I’m a stickler. That is a fact that if you train with me you know very well.
Learning and using correct form when strength training is, in my opinion, the most important part of your fitness routine. Taking the time to learn can be an agonizing process, but one that’s well worth it in the end.
I’m still learning and working on it and I’ll most likely keep on learning and working on it for as long as I strength train. That is also a fact as I see it.
So, why do I bother so much about proper and correct form?
Because, that’s why.
Just kidding. I do it because in order for us, all of us, to build the true strength, endurance, capacity, efficiency, and longevity we must train correctly. All of our parts are connected and work together in a synchronized way to illicit the movement that we want. That includes all the things that we don’t think about, like sitting, standing and walking. Our bodies sometimes forget what to do in order to maintain posture and gait. This can happen for many reasons. From injury or surgery, from inactivity, from sitting at the computer for too long, slouching, shuffling or dragging your feet when you walk. That’s all besides the point because I want to talk about strength training. Though our everyday habits do have an effect, when it comes to strength training, we should all be starting at the beginning. Learning correct positioning and form.
This should be the standard for all training. For me and for my clients, it is.
There are a handful of basic positions and moves that are the foundations of better movement patterns and strength.
Planks. Squats. Hinging. Pushing. Pulling and Rotating. Learning how to do these correctly, and by correctly I mean, aligning the joints and activating the muscles in accordance to maximize effort and minimize injury. Minimize Injury. That, athletes, is the key.
If you neglect the foundations of strength training, you will at some point get injured. Now, that’s not to say that no injury will occur even if you do all the right things, but we can absolutely minimize injury when we spend time and focused energy on learning the foundations.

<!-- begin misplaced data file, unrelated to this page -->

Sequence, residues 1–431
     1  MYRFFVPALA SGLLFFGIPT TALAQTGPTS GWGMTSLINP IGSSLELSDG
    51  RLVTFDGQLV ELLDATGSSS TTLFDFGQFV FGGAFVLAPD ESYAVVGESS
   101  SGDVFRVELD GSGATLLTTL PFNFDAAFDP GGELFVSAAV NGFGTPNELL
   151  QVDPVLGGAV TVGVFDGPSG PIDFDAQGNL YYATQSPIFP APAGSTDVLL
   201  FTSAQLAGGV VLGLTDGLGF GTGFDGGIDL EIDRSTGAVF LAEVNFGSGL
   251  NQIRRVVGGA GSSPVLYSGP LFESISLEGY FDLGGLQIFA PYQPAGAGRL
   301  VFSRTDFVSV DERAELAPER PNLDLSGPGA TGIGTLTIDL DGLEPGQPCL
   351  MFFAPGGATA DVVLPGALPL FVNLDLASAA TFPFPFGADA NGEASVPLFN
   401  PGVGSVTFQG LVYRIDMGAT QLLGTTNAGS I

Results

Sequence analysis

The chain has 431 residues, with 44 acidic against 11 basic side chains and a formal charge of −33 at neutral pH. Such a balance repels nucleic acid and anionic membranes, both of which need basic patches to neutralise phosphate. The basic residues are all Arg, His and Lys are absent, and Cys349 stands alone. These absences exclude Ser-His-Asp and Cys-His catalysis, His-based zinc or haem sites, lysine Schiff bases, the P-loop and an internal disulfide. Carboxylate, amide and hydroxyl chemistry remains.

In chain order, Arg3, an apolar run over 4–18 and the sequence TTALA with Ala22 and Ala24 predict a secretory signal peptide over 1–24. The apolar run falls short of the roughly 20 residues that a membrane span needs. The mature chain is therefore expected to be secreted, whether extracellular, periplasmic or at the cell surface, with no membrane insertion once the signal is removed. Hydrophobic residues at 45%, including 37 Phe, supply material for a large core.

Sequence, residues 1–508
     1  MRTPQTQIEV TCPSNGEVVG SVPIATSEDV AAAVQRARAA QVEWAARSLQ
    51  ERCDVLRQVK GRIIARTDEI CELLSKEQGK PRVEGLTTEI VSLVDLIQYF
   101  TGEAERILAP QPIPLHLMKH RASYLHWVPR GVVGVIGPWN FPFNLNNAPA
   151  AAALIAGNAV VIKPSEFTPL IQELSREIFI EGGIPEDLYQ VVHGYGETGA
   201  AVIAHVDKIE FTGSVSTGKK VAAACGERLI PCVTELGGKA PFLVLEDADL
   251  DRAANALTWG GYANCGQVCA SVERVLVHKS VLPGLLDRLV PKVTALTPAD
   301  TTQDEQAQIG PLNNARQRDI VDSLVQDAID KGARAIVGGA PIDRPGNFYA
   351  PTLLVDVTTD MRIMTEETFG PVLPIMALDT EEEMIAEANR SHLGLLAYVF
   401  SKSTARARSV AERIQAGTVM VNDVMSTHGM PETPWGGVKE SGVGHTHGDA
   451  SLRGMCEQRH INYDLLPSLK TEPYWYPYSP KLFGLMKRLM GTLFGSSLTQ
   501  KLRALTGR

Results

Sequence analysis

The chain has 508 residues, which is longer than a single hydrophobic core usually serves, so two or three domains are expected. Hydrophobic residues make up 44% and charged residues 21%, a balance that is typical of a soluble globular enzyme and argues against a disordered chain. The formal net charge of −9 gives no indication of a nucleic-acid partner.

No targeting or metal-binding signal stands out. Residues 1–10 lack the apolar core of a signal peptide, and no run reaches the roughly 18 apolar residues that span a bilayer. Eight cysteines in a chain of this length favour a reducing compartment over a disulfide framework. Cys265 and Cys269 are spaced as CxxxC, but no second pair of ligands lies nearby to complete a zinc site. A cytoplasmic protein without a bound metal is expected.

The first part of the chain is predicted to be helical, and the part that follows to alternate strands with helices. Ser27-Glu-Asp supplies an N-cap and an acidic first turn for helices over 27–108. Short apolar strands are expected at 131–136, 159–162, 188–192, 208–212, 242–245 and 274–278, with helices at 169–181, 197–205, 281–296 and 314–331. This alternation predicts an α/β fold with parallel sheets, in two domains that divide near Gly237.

The Plank. Everything stems from this position, you want to maintain a straight line from your ears, shoulders, hips, knees and ankles. Elbows and wrists (if you’re on your hands) should be directly underneath your shoulders. All core muscles, glutes, quads, triceps, pretty much all muscles, are activated to hold this position. Work up to holding for 60 seconds for a solid strength building exercise.
The squat and hinge work together, though can and will be trained separately. Learning the hip hinge first will help keep your squat balanced. To Squat, start with your feet about hip width apart, toes facing forward, and core muscles active. Then push your hips back keeping the weight through your heels and drop down (like you’re sitting into a chair) until your thighs are parallel to the floor. Going deeper into your squat is great once you’ve got the foundation down. Keeping your torso upright aids in core strengthening. In a good position, your back/torso, and shins should make parallel lines.
Pushing, like a push up, starts with that Plank. Even if I were doing a pushing move elevated on a bar, bench or TRX, I would start by finding my plank position before initiating the movement. Maintaining that position through the entire movement.
Pulling exercises are the same. With pushing and pulling exercises, we get into shoulder strength and stability, which can take a lot of time to build. Especially, if you spend most of your day at a computer or find yourself hunching forward or slouching. PS–building your core strength a foundational exercise like a plank can also help with the shoulder strength and stability. It’s all connected!
Rotational exercises also will stem from our building strength from the other foundation exercises. Knowing how to control and move together will make your rotating exercises feel good and these are fun ways to work on power. In this last photo, I’m doing a split squat with a cross-body chop. Using my squat techniques, stabilizing my hips and driving the medicine ball diagonally from my shoulder to my opposite hip without falling over. All the foundational exercises are being utilized to perform this one exercise.
So, one of my main objectives as a trainer and coach is to teach and make sure that you understand and can perform these standards correctly. Once that happens, the fun can begin!
Train today to Move Tomorrow!